If you really want Windows Defender, I'd recommend running it in tandem with MalwareBytes premium (with "integrate with security center" turned off so it doesn't disable defender), and make sure to disable "controlled folder access" within defender, as MalwareBytes would handle that part of the protection. You could also run MalwareBytes in tandem with Immunet, but Immunet will disable Defender (like virtually all other AVs do).

You could also run just MalwareBytes, or just Immunet. Immunet's static file detection rate isn't the best, but it's sometimes better than Defender, and I think Immunet's behavoural blocking is less intrusive than Defender's. It certainly breaks your system less!

Besides MalwareBytes, I've noticed Sophos Home Free works brilliantly alongside Immunet. Kaspersky free also works well, but I had stability issues until I put Kaspersky's folders in Immunet's exclusions, and Immunet's folders in Kaspersky's exclusions. F-Secure Antivirus (I haven't tried Total/Safe etc) works perfectly with Immunet too. Comodo Internet Security also worked well when I tried it a couple of years ago, but its behavioural/HIPS/firewall components are incredibly noisy and aggressive, so you have to use it a long time before it learns what's good or not so good on your system.

If you want a lightweight solution, I'd recommend Immunet alongside either Voodooshield or NoVirusThanks OSArmor. Voodooshield is pretty noisy at first, but is free (gratis); I think OSArmor is far more polished and user-friendly, and worth paying for.

Alternatively, just wipe the hard disk and install Linux Mint, Trisquel, or Debian, and have no worries about all this nonsense.

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Here's an image of the results of a recent AV Comparatives test done in April provided to me by Panda.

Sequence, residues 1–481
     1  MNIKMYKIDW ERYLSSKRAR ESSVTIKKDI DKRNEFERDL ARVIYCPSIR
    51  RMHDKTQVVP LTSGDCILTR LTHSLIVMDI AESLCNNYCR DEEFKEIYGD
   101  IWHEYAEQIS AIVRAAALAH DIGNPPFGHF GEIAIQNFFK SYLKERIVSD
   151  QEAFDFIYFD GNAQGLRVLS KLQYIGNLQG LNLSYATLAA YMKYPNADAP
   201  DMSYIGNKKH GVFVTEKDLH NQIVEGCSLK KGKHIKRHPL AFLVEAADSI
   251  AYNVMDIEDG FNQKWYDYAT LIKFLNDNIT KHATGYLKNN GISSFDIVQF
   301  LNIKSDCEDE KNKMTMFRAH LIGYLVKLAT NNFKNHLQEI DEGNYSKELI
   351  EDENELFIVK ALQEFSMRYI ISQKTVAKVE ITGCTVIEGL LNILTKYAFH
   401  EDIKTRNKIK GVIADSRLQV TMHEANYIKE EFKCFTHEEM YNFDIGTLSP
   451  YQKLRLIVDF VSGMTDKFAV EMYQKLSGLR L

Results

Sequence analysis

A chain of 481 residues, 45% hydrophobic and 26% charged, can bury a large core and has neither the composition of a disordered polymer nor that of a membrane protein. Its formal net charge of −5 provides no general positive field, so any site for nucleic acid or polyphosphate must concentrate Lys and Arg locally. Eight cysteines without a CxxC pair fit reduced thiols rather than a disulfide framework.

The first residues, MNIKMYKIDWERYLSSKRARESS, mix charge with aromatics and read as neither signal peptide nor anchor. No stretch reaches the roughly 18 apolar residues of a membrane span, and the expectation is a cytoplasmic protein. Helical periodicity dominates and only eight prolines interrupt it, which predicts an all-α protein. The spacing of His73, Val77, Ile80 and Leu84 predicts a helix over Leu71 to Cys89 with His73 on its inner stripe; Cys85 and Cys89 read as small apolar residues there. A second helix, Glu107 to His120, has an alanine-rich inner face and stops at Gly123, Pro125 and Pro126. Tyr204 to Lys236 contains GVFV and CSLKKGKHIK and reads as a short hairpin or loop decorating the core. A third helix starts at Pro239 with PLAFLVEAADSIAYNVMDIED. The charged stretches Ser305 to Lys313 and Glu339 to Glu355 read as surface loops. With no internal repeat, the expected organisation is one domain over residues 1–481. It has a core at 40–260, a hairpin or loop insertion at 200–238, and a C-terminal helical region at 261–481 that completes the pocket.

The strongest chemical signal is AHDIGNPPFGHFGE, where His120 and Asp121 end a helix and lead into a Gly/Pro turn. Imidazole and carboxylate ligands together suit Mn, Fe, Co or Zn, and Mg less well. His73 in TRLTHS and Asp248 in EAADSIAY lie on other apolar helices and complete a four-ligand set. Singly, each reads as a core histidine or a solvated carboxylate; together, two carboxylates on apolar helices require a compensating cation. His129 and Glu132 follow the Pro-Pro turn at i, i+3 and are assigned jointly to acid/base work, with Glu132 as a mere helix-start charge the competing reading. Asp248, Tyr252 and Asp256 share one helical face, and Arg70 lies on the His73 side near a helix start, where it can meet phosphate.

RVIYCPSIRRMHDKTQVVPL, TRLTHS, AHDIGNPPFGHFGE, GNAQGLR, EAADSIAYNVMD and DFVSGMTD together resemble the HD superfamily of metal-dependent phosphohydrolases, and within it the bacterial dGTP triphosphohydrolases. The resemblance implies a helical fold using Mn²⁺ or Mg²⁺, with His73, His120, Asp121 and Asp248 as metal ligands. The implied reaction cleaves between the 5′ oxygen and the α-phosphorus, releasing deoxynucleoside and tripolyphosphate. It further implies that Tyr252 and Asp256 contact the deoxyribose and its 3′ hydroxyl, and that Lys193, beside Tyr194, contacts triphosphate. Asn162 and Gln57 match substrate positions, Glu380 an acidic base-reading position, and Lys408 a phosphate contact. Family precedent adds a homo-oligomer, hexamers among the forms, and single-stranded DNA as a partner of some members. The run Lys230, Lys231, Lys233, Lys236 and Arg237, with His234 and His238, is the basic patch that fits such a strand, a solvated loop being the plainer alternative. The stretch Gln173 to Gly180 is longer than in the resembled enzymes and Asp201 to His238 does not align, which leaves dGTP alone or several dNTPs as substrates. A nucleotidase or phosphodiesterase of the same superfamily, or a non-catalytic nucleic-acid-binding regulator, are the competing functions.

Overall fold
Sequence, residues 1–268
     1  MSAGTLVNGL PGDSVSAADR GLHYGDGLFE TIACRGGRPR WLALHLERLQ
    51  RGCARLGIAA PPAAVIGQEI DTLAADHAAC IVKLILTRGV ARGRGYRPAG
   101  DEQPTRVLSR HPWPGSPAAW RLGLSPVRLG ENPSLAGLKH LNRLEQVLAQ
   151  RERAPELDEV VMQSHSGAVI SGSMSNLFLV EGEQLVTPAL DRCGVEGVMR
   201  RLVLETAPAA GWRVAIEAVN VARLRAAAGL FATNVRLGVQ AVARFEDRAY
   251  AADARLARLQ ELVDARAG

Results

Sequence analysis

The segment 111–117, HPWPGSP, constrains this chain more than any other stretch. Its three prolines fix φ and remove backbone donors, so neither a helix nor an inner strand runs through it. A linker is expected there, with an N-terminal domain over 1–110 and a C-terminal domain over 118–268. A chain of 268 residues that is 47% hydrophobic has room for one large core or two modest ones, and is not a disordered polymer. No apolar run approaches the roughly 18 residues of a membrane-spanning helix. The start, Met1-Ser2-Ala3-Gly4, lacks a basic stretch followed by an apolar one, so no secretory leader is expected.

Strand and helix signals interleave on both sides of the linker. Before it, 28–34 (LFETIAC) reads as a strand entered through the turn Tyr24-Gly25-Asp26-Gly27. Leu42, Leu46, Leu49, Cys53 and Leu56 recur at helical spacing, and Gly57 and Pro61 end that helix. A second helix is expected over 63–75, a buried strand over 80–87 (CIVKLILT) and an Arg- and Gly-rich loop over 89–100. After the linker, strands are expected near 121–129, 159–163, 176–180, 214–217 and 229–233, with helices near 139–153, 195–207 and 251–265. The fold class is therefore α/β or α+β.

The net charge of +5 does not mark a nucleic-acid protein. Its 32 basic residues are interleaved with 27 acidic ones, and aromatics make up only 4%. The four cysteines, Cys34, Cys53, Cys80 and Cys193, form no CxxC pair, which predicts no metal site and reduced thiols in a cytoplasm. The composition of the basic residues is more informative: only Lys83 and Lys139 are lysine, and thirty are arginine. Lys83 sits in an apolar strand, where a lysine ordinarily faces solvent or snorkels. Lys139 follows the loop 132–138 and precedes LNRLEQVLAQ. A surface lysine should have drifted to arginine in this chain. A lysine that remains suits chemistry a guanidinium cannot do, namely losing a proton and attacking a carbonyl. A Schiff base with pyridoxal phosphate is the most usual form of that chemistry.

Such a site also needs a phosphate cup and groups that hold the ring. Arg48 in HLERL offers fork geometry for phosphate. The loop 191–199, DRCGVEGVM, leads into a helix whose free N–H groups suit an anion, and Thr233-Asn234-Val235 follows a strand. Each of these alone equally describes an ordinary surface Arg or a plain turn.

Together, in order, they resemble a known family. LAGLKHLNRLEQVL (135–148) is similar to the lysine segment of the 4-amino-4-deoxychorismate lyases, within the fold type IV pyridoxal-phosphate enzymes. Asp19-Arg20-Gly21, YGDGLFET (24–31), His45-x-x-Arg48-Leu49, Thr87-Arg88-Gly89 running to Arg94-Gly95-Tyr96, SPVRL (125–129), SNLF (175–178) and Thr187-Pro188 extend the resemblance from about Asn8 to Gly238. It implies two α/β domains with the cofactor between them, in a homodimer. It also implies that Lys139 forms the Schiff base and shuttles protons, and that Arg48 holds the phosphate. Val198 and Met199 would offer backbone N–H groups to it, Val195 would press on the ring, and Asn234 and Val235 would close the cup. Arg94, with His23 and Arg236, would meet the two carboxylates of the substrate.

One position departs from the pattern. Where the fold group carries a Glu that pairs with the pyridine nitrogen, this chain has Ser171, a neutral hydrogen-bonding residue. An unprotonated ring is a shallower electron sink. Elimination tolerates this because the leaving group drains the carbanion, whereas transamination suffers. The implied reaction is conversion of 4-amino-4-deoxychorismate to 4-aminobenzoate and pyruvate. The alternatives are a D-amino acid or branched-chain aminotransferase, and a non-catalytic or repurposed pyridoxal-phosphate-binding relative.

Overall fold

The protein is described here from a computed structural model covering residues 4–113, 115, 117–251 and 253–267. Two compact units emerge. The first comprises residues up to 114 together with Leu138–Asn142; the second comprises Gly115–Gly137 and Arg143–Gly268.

As you can see Microsoft Defender is the last on the list. That is proof of what I wrote in my first thread about how Defender is 'not exactly a great AV' to use.

Panda only missed 3 malware test strings out of 190! With that info, I am glad I use Panda Dome Pro along side of Immunet!

AV Comparatives Test April 2021.jpg

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  • 2 weeks later...
On 8/22/2021 at 12:40 AM, chrisjordan said:

Win 10 question, will Anti-virus, anti-malware and anti-anything bad, still be required in Win 10 or would Win Defender suffice

I am a long time Mac user and have never had to worry too much about typical windows security issues.

So our IT guy gave me a 2011 Dell with Win7Pro which is ready for a Win10 upgrade. I'd like to dual boot Win10 and Ubuntu with this machine.

Panda sent me with a picture showing the results of a recent AV Comparatives test performed in April.

Microsoft Defender is, as you can see, at the bottom of the list. That demonstrates why Defender is "not exactly a fantastic AV" to employ, as I stated in my original discussion.

Out of 190 malware test strings, Panda only missed three! I'm pleased I use Panda Dome Pro now that I know this information.

Thanks For Reposing I will Try it.

Edited by nhighnote414